, , , ,

I wrote a few days ago about how I had finally solved the mystery of the haunting opening to the radio reading of Henning Mankell's Faceless Killers, this tune turning out to be Nostalgia by Emily Barker & The Red Clay Halo.

Loving this song so much, I felt I should explore some more of Emily Barker's music, so I bought – from Emily Barker's website – the album Despite The Snow that contains Nostalgia. (I find myself buying most of my new music directly from artist websites or indie label websites unless I get it secondhand through Amazon – I haven't darkened the door of a record shop for years. That is not how it used to be!)

Even though there is no song as good as Nostalgia on the rest of the album, it's still a fine collection of expressively played melodic and lyrically interesting folk music. Acoustic guitar, cello, violin, accordion with occasional percussion and double bass underpin Ms. Barker's voice. This floats airily over the gentle accompaniment, occasionally augmented by sweet harmony singing.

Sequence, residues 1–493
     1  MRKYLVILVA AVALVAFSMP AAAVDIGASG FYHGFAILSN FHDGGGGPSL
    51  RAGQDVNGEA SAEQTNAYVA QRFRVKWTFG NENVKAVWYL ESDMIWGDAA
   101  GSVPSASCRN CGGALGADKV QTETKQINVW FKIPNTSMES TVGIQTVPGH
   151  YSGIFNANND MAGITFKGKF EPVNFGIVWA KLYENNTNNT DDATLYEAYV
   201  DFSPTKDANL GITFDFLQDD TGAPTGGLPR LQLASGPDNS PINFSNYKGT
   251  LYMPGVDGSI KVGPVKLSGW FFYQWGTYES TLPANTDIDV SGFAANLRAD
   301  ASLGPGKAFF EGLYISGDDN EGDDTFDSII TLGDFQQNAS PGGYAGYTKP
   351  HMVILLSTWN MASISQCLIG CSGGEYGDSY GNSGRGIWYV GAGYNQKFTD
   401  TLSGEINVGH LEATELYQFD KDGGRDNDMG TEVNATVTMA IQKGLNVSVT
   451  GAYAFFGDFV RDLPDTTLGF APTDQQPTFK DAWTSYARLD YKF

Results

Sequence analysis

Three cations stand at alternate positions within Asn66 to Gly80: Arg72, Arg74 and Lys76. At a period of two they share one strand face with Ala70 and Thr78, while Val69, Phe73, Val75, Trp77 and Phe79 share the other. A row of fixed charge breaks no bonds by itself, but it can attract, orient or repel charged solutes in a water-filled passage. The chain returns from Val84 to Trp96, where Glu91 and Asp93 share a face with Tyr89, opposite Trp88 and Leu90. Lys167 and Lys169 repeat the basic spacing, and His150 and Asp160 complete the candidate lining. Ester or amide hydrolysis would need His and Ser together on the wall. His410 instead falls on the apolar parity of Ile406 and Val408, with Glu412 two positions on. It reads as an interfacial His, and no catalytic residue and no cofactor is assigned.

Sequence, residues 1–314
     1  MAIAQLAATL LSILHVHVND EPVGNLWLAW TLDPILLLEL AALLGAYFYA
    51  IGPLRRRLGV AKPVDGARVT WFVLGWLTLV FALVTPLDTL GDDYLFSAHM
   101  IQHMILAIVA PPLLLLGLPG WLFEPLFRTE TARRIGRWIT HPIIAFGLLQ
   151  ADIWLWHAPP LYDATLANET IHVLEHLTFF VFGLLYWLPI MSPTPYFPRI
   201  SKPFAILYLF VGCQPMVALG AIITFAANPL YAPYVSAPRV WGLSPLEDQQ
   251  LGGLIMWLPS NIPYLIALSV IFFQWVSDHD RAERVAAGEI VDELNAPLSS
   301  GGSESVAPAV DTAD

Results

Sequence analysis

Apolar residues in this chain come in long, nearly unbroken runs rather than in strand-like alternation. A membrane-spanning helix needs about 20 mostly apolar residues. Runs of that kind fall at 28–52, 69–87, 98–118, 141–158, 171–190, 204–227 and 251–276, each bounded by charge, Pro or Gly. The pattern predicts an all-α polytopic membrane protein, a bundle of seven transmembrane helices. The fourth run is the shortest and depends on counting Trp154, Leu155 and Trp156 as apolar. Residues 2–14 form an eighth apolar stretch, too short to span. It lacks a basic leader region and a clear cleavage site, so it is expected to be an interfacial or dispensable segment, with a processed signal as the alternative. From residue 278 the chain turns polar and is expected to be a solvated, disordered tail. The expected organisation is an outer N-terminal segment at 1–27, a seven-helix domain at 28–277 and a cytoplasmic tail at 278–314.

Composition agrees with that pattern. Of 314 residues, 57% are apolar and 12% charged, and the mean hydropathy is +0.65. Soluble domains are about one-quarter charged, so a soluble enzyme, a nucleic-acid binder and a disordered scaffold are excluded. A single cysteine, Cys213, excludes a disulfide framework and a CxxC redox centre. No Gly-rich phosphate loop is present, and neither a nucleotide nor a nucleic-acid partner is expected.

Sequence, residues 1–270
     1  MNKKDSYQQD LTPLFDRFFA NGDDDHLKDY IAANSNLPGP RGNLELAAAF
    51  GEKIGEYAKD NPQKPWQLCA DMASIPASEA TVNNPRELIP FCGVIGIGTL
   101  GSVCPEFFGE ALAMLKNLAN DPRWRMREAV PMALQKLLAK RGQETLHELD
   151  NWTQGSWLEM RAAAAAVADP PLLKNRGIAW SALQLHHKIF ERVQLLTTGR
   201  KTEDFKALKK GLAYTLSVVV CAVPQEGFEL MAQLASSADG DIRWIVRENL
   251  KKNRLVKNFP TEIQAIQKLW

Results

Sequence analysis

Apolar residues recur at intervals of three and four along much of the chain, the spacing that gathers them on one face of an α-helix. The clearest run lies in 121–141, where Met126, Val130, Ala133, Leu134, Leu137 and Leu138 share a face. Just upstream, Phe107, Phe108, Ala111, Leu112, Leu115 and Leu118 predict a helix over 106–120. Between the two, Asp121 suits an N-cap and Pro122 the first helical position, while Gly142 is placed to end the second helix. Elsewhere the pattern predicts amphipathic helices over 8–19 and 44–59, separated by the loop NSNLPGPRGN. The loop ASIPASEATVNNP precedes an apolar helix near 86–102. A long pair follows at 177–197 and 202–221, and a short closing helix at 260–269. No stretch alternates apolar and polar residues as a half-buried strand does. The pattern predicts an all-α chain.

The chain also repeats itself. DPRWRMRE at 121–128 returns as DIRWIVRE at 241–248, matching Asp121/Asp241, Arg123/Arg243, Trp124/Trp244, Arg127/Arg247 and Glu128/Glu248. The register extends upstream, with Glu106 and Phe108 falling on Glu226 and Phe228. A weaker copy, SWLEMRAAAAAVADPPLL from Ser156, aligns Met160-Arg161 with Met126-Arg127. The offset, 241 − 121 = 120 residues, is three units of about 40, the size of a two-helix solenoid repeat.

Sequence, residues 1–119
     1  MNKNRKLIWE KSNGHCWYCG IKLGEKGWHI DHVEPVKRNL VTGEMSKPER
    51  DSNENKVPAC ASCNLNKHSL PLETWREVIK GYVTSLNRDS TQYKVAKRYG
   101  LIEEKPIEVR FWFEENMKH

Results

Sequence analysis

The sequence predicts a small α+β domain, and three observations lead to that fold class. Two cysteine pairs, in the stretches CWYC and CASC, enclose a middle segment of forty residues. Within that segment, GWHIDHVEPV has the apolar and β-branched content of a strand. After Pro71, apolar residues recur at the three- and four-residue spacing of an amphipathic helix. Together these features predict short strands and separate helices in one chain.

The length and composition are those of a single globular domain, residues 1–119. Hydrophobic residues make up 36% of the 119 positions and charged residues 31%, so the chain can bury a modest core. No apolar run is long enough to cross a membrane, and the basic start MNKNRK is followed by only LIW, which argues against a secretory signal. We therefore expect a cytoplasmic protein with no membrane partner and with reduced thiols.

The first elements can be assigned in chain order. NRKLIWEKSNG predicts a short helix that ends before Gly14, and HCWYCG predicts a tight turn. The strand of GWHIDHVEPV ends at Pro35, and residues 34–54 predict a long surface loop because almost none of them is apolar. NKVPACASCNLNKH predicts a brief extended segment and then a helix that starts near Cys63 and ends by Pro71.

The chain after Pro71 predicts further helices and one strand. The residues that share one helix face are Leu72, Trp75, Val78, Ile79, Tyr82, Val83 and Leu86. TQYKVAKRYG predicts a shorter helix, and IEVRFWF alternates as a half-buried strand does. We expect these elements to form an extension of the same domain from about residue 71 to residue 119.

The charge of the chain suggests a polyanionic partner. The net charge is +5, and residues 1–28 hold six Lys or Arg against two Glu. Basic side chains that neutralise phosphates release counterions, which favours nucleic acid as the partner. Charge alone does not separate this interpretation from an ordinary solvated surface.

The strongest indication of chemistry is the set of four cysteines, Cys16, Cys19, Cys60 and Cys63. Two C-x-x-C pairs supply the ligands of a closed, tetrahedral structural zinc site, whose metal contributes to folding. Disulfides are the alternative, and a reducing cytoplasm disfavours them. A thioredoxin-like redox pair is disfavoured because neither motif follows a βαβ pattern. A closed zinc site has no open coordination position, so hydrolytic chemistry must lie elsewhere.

So where is this music coming from? Everyone brings their own musical knowledge into an appreciation of something new, and here I find echoes of 10,000 Maniacs, Kate & Anna McGarrigle, Sandy Denny, The Cowboy Junkies and even (vocals only) Portishead. Barker plays harmonica just like Neil Young too – and adds a very Neil Youngish wobbly piano accompaniment to Bloated, Blistered, Aching Heart. A good blend and highly congenial. Not startlingly original (in the way that Six Organs of Admittance is – this is folk, not freak folk) but accomplished and heartfelt.

Barker even reveals an impeccable taste in influences by covering Lal Waterson's Bright Phoebus, the transcendentally uplifting title track from a legendary album that has never received a proper CD release to this day. She does a very fine job with it too.

All in all, a very worthy addition to my music collection. One that I will treasure.